ATRA Announces NO on Proposition 480 Campaign
Monday, September 15, 2014

PHOENIX, AZ- The Arizona Tax Research Association (ATRA) today announced it will spearhead efforts to defeat Proposition 480 on the November 4th general election ballot.

The NO on Prop 480 Committee will be chaired by ATRA President Kevin McCarthy. ATRA Board of Directors Chairman Michael DiMaria will serve as Treasurer.

Proposition 480 asks Maricopa County voters to approve a $935 million ($1.4 billion in principal and interest) General Obligation bond request over 27 years for Maricopa Integrated Health System (MIHS), the only county hospital still operating in Arizona. If approved, Proposition 480 would be the 3rd largest tax increase in Arizona history. MIHS has said it is their intention to actually reduce the number of patient beds from its current 515 to 250 if Proposition 480 passes.

According to McCarthy, Proposition 480 is an all-or-nothing proposal that amounts to a blank check from taxpayers. He said there are three reasons for Maricopa County voters to turn down Prop. 480: taxes, timing and process.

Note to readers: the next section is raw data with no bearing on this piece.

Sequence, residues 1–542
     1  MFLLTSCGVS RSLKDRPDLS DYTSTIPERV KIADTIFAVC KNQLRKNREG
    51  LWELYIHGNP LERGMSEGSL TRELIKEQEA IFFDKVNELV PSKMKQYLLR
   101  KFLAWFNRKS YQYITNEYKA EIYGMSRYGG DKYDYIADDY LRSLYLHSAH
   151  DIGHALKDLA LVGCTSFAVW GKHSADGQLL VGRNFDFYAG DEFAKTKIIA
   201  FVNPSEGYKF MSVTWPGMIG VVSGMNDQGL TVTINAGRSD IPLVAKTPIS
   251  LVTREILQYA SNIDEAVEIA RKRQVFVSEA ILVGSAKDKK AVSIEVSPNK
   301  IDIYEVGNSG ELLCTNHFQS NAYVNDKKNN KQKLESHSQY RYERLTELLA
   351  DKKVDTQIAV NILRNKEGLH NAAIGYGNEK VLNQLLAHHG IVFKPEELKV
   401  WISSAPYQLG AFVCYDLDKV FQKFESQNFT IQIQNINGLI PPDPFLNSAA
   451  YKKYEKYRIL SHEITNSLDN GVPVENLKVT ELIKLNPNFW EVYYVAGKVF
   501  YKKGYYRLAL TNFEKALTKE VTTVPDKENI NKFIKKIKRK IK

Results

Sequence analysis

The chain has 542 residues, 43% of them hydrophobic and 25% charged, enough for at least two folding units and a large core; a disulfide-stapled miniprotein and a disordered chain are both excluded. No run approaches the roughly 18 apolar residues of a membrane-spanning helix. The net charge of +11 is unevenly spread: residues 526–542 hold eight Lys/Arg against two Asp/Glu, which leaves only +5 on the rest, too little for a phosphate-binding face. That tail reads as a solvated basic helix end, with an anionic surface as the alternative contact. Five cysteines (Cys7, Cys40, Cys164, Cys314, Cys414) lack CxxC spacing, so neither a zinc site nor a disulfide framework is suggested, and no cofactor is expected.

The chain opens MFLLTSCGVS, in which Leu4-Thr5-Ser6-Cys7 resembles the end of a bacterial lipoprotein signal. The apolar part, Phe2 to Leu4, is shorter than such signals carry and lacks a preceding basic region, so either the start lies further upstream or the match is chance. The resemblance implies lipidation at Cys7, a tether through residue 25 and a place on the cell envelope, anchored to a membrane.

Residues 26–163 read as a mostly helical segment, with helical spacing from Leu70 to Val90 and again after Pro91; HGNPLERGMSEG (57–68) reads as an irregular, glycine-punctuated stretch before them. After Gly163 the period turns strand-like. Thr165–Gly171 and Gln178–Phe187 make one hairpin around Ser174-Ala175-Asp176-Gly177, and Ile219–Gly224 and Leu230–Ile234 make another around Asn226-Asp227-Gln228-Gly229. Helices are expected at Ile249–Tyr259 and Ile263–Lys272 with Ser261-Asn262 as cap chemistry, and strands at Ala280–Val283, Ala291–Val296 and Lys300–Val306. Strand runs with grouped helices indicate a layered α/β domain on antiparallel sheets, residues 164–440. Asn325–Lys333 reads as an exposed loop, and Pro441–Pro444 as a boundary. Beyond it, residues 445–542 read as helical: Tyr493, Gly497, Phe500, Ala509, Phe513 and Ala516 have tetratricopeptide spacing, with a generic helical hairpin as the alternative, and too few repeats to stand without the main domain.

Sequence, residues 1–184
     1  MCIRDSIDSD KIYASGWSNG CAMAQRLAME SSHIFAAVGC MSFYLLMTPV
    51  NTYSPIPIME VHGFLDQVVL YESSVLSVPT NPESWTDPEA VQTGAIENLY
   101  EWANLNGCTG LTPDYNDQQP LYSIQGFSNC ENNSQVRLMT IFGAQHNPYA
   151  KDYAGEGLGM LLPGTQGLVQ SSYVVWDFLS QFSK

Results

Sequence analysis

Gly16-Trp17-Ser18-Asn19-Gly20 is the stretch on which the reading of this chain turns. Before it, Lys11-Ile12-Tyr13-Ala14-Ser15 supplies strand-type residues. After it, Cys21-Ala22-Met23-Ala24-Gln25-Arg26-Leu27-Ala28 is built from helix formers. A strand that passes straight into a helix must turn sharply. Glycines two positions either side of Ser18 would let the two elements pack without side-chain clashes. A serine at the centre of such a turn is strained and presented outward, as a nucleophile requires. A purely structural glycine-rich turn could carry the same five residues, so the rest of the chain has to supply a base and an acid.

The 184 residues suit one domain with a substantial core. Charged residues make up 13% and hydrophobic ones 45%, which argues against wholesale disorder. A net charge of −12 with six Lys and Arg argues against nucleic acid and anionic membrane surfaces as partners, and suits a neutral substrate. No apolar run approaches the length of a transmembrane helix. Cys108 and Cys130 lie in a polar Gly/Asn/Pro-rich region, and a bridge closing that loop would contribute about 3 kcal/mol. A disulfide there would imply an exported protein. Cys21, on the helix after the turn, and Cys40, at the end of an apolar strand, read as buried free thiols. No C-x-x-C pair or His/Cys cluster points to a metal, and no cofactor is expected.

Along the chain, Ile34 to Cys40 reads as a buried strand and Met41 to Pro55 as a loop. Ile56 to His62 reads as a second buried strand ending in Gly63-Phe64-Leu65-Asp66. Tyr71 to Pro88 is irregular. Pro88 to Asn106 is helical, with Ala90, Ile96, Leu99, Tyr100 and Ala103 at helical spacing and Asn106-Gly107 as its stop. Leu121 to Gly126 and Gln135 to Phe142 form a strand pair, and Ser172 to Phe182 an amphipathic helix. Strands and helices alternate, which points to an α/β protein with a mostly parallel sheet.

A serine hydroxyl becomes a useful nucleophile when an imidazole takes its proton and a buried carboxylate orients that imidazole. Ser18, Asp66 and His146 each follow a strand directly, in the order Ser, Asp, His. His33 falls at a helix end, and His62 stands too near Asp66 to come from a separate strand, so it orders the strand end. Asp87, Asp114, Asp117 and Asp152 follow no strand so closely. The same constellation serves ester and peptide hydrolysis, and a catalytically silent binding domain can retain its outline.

"The massive collapse of the residential real estate market shifted tax burdens in an unprecedented way," McCarthy said. "$1.4 billion is too heavy a burden to be minimized until we fully recover from the recession. Many in Arizona claim to need substantial investment in other priorities, notably education and infrastructure."

"Secondly, just last year Arizona policy makers made the difficult and expensive decision to expand Medicaid coverage under the Affordable Care Act," McCarthy continued. "The program has exploded and has nearly 1.6 million people enrolled, 25 % of Arizona's population. At a minimum, government should stop pulling levers on the health care industry until the dust settles on the massive changes recently implemented."

"And finally, a proposal of this size requires the support of taxpayers footing the bill and the private health care providers that MIHS should be cooperating with," McCarthy stated. "This historic request comes from an entity that we believe should be looking aggressively at every opportunity to downsize its operation and take advantage of the already expanding role of government funded health care in Arizona."

The CEO's of the four largest private hospital systems in the Valley recently questioned the need for approval of this tax to the editorial board of the Arizona Republic, stating their belief that there is currently plenty of capacity for hospital patient services.

"It is not prudent to charge every Maricopa County property owner a significant tax increase to duplicate existing services," McCarthy concluded.

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